"Mephisto," the Oscar-winning Hungarian-West German import, is ostensibly a character study of a corruptible artist. The movie takes a grim view of the career of an unprincipled actor called Hendrik Ho fgens whose success is linked with his willingness to cultivate patrons in the Nazi regime.

More solemn than a roomful of hanging judges, "Mephisto" suggests a cut-and-dried brief for the prosecution. This is disappointing since the director of "Mephisto," the Hungarian Istvan Szabo, evidently has some gaiety in his soul. Celebrating on Academy Award night, he staged an impromptu dance with the star of the movie, Klaus Maria Brandauer. You'd never guess there was a spontaneous aspect to his sensibility from the stern purposefulness of the film itself. At least not beyond the disarmingly charming opening sequence, which depicts an operetta star beguiling a theater audience in Hamburg in the role of Madame Dubarry.

The focus shifts backstage, where Brandauer as Ho fgens is fuming and fussing, incensed that the audience's applause is not for him. This solitary temper tantrum seems extreme as both reaction and introduction. Could this poor wretch possibly covet the role of Dubarry? What can he do for a histrionic encore?

The movie keeps racking up points against the protagonist before we've scarcely met him. Ho fgens exposes himself as a hypocrite by fulsomely flattering the actress after her performance. During a peculiarly kinky rendezvous with his mistress, a tigerish mulatto (Karin Boyd), he enjoys an inconclusive round of slinking and groping while also listening to a harsh character analysis. "You love only yourself," the tiger girl comments, through flashing teeth and orgasmic moans, "and then not enough. Your only concern is that your face remain free of expression, a mask . . . A mask among human beings."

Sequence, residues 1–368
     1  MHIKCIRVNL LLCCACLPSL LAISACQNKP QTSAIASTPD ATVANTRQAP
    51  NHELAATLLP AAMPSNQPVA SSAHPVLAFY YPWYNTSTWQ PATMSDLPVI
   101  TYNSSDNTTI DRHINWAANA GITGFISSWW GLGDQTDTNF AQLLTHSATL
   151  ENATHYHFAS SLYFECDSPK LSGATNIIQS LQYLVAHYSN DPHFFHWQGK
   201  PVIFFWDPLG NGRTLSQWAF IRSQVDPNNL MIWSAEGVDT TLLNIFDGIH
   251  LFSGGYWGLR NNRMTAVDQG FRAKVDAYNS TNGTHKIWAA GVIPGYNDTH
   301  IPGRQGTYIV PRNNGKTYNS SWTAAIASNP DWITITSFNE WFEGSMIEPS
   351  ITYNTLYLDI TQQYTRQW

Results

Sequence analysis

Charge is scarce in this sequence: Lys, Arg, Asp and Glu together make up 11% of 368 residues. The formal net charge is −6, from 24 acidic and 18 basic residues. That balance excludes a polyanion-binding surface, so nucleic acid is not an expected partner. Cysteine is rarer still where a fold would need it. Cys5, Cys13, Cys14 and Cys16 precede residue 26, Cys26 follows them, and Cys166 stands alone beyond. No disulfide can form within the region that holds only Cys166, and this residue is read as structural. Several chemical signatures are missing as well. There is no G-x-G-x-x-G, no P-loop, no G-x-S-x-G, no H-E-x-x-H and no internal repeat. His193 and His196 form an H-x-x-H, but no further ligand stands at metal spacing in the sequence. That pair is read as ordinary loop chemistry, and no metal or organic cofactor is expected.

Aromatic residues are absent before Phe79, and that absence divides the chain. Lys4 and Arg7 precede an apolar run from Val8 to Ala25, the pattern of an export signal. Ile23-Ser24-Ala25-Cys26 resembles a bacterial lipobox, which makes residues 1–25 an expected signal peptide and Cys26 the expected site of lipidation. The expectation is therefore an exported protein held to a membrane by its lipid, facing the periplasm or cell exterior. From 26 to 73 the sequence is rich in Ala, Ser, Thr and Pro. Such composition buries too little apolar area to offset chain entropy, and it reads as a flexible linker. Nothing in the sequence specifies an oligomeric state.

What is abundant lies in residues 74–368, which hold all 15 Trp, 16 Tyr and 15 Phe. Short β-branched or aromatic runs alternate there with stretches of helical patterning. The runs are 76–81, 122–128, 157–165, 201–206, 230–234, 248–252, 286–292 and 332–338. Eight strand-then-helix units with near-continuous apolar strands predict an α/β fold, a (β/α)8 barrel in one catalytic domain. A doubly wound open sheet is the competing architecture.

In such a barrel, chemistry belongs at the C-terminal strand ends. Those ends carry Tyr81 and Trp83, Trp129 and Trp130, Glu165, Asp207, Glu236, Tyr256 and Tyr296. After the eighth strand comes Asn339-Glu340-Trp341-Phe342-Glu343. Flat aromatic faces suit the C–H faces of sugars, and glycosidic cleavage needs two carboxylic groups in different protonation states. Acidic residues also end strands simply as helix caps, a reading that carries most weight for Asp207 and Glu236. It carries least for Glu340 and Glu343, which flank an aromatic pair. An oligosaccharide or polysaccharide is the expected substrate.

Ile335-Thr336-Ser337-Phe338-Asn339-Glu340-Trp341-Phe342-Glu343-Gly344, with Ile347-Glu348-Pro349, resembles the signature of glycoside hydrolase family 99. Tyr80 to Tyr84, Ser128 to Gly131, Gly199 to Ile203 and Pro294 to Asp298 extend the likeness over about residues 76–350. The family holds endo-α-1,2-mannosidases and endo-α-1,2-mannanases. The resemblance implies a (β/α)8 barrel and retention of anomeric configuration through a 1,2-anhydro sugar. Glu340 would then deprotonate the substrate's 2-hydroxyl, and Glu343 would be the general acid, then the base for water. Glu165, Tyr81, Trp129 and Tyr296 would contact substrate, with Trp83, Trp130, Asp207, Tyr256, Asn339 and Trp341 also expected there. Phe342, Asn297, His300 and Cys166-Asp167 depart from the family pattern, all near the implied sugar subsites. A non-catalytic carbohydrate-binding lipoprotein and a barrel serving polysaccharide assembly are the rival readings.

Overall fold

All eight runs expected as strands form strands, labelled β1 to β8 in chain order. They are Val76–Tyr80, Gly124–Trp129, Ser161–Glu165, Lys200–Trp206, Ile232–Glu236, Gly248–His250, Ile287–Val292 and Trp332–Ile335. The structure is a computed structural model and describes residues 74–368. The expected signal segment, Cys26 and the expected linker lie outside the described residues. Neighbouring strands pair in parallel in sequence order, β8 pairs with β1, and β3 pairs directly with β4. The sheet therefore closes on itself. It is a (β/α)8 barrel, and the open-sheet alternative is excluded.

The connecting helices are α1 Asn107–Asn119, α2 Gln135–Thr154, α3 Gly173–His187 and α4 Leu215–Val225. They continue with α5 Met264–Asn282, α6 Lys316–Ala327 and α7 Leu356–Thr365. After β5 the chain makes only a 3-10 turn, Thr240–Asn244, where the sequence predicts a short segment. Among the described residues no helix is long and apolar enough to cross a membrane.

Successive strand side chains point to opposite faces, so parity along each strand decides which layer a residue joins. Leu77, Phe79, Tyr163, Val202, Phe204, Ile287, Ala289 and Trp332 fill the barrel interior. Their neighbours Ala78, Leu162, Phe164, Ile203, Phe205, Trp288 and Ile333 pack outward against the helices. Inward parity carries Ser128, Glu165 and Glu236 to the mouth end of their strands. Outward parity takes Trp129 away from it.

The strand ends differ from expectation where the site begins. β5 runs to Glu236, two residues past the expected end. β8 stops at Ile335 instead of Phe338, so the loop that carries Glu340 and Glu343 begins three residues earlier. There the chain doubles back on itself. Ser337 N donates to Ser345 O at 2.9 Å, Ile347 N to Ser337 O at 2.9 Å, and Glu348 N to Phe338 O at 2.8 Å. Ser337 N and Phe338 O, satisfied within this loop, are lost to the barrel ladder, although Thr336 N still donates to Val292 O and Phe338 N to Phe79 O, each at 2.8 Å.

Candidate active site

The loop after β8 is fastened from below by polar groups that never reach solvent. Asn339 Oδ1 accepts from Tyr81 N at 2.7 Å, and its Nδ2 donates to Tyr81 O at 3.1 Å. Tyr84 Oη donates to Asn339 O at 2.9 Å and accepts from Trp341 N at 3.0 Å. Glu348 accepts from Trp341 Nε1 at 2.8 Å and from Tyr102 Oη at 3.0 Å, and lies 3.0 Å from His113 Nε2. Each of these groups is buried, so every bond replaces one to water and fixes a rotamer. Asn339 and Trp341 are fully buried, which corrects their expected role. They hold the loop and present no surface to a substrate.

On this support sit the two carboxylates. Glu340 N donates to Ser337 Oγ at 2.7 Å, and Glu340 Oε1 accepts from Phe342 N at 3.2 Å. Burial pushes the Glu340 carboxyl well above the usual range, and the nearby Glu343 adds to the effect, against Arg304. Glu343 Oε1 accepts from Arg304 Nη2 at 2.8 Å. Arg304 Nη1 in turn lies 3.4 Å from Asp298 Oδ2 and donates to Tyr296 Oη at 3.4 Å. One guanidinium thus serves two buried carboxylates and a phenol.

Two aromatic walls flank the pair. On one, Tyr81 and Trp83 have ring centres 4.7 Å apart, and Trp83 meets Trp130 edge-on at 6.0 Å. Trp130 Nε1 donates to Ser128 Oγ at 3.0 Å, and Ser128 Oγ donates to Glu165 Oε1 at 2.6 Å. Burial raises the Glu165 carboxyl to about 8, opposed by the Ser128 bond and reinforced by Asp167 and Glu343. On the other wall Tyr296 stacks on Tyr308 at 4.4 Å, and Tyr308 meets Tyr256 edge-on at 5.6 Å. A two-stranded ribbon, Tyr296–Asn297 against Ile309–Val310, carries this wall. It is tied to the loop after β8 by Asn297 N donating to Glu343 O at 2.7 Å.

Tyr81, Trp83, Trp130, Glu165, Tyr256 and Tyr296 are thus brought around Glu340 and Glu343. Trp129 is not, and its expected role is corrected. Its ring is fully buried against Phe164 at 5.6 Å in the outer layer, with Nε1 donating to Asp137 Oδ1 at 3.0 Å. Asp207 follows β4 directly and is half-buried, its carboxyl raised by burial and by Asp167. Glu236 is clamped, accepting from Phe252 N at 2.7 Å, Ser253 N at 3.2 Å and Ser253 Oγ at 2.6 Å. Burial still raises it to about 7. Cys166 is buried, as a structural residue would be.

Gaudy as this form of exposition may be, you can't help noticing that it's also self-defeating. For one thing, Brandauer doesn't fit the description being pinned on his character. If anything, his face is set in an expression that's too broadly, humorously mischievous and untrustworthy. It's easy to imagine him playing schemers or satyrs.

When he enjoys a great success as Mephisto in Goethe's "Faust," you're not surprised, because it appears he could play the part without makeup. While Ho fgens is obviously compromised by hitching his star to an evil political regime, there's no evidence of unscrupulousness in his conduct. His rationalizations for remaining in Germany sound rather persuasive during a conversation in Paris with his first wife, who elected to leave Germany when the Nazis came to power. "We can't choose when and where we're born. An entire country can't emigrate. I need the language! I need my homeland!"

The screenplay is derived from a somewhat notorious novel, which may have been intended to even a personal score or two in the first place. Written by Klaus Mann, the son of Thomas Mann, it was published in 1936 and banned in Germany for several decades. Ho fgens was assumed to be a thinly veiled portrait of the stage and film actor Gustaf Gru ndgens, who rose to prominence in the early '30s, enjoyed the patronage of Herman Goering during the Nazi period and eventually reestablished his standing in the postwar years, after being cleared of criminal charges by the Allied authorities. Gru ndgens was briefly married to Klaus Mann's sister Erika, and it's believed that Gru ndgens also had a brief romantic fling with Klaus.

At any rate, the source material is not exactly the work of a disinterested observer. Szabo introduces an additional layer or three of dubiousness by attempting to portray Ho fgens as an allegorical figure--the actor as symbol of emptiness and corruption.

Stilted and didactic, "Mephisto" seems to reflect an utterly prosaic sensibility.